Agronomist on journey to reduce clients’ carbon footprint
Ceres Rural agronomist Jock Willmott is taking his arable farming clients on a journey to reduce their carbon emissions while ensuring they stay profitable growing quality crops.
Winning the 2022 Arable Adviser of the Year Award in October was “incredibly humbling”, says Jock, a partner and agronomist at Ceres Rural, based in Cambridgeshire.
He has received dozens of text messages and emails to congratulate him. “You don’t realise how connected people are to Farmers Weekly and via social media. I was quite surprised,” he says.
See also: Farmers Weekly Awards 2022: Arable Adviser of the Year
The award has boosted his own profile in the industry and that of his company. “Ceres Rural is a new firm and it helps in that regard.”
Jock has a large agronomy portfolio; he provides 5,100ha of strategic agronomy advice to BASIS-qualified farm managers and owners and full regular weekly crop walking on a further 7,500ha.
He also manages a 650ha arable farm in Hertfordshire and administers a 1,300ha joint venture of three farming businesses.
Farming is going through huge change with the transition to the Environmental Land Management (ELM) scheme and falling Basic Payment Scheme (BPS) payments, so getting the right message out to clients is crucial, Jock says.
But there are far more layers of advice to consider as an arable adviser than just arable production.
In the short term, cashflow is a major consideration for his clients and he is looking at ways to help them stay profitable.
“We want to get all clients into a position of surviving as a business without the BPS,” Jock says.
Longer term, Jock is focused on tackling the wider soil organic matter/low-carbon farming issue and is working with his arable farming clients on ways to reduce their carbon emissions while staying profitable.
This involves tackling the twin challenges of helping his clients stay abreast of emerging legislation in Defra’s new agri-environment schemes – and helping them produce crops efficiently and in a more carbon-friendly way.
“I like people to produce high-margin crops and be proud of what they do. If I can help them to do that, that’s what it’s all about. I like the idea of using science to produce food that benefits the UK,” Jock says.
At farm level, Jock says he is working with clients to get a better handle on their carbon footprint by carrying out carbon auditing with support from Defra’s Future Farming Resilience Fund.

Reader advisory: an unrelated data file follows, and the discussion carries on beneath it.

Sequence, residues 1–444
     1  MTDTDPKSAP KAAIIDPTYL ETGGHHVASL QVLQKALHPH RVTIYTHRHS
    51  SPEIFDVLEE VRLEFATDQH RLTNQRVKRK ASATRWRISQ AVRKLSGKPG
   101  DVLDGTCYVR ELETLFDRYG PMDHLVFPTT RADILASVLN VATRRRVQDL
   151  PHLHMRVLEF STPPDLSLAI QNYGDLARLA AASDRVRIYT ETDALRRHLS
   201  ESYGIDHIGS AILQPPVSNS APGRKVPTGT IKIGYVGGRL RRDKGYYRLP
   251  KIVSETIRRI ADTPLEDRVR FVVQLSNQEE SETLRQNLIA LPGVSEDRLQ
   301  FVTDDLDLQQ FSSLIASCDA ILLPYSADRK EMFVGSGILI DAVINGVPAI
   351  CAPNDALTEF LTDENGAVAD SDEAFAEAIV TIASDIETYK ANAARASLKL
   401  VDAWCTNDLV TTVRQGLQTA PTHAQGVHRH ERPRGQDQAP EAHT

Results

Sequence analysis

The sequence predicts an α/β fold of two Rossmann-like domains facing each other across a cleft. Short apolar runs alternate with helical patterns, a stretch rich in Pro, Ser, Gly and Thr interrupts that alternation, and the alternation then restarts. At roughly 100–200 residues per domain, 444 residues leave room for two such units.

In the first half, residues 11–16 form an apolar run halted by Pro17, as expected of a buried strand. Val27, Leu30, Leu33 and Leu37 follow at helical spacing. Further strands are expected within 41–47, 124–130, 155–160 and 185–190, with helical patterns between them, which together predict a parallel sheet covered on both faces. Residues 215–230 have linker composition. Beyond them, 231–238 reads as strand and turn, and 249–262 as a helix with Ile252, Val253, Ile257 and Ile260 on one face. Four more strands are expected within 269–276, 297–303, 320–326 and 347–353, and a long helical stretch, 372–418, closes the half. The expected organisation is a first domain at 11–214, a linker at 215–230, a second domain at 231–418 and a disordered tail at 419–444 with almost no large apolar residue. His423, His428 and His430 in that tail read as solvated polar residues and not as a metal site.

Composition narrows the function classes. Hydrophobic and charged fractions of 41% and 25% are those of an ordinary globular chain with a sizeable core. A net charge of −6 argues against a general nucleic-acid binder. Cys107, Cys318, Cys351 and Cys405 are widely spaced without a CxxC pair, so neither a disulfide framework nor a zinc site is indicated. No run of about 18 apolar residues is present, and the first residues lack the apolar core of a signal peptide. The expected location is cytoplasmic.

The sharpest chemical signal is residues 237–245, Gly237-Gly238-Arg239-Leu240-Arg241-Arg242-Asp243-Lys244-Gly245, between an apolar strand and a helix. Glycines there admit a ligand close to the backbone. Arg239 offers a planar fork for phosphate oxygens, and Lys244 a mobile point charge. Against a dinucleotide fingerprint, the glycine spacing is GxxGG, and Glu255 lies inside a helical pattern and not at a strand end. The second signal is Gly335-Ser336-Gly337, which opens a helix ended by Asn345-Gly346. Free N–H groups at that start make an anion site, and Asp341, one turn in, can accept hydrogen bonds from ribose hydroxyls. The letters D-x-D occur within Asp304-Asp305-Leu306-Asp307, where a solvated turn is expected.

“We are using calculators for the utilisation of nitrogen uptake. Is the response they are getting in terms of yield and quality relevant to the amount of nitrogen they are putting on?” he explains.
The calculations are helping growers understand why in some field areas they may be achieving better yields and crop quality than in others.
This involves weighing up several variables, including whether growers are “overcooking” their nitrogen applications, while balancing the impact of last year’s drought on crops.
“It is not just leaving the spreader on the same settings or going from one end of the wheat crop to the other without considering what you’re trying to achieve with that product,” Jock says.
“I think, especially with the high price of fertiliser, that is where people have been a bit more conscious than where they were before.”
Farming is always going from one crisis or another, with extreme weather events becoming more frequent, so ensuring the land stays productive is key.
“It’s about dealing with the challenges and relaying that to the people on the ground to be successful in their businesses,” Jock says. “There is always something different, always something new.
“We are trying to take clients on a journey to a net-zero position or to being more carbon-responsible,” he adds.
Soil and carbon farming underpin the Sustainable Farming Incentive
Less intensive cultivation to minimise soil-carbon loss, or organic matter loss, is a crucial factor in Jock’s machinery choices and cropping techniques. But it is about finding the balance, he says.
Farmers have experienced the different extremes of climate with the summer drought and now the wetter than usual rainfall periods in between.
“It is coming up with low-carbon farming systems that cope with that and yet maintain a level of performance that keeps the farm profitable,” he says.
Jock tends to pick different cropping and cultivation techniques according to his knowledge of different crops, fields, farms and regions.
“We feel like if we are within an appropriate system, rather than just one system, we are making progress,” he says.
Amid soaring input prices and falling crop prices, businesses “can’t stand” not having the output to justify the input, Jock notes.
“Sometimes it spirals and your output isn’t there, or the quality is not there,” he says.
“We understand that we have got to spend less while at the same time maintain a level of output that’s going to be profitable, without the cushion of £230/ha in terms of the BPS.”
Meanwhile, Jock is working with his clients to decipher what Defra’s Sustainable Farming Incentive is going to bring to their businesses – and how it overlaps with stewardship schemes.
The Farmers Weekly 2023 Arable Adviser of the Year Award is sponsored by FMC
Farmers Weekly 2023 Arable Adviser of the Year is sponsored by FMC.
Enter yourself or nominate someone now on our Awards website.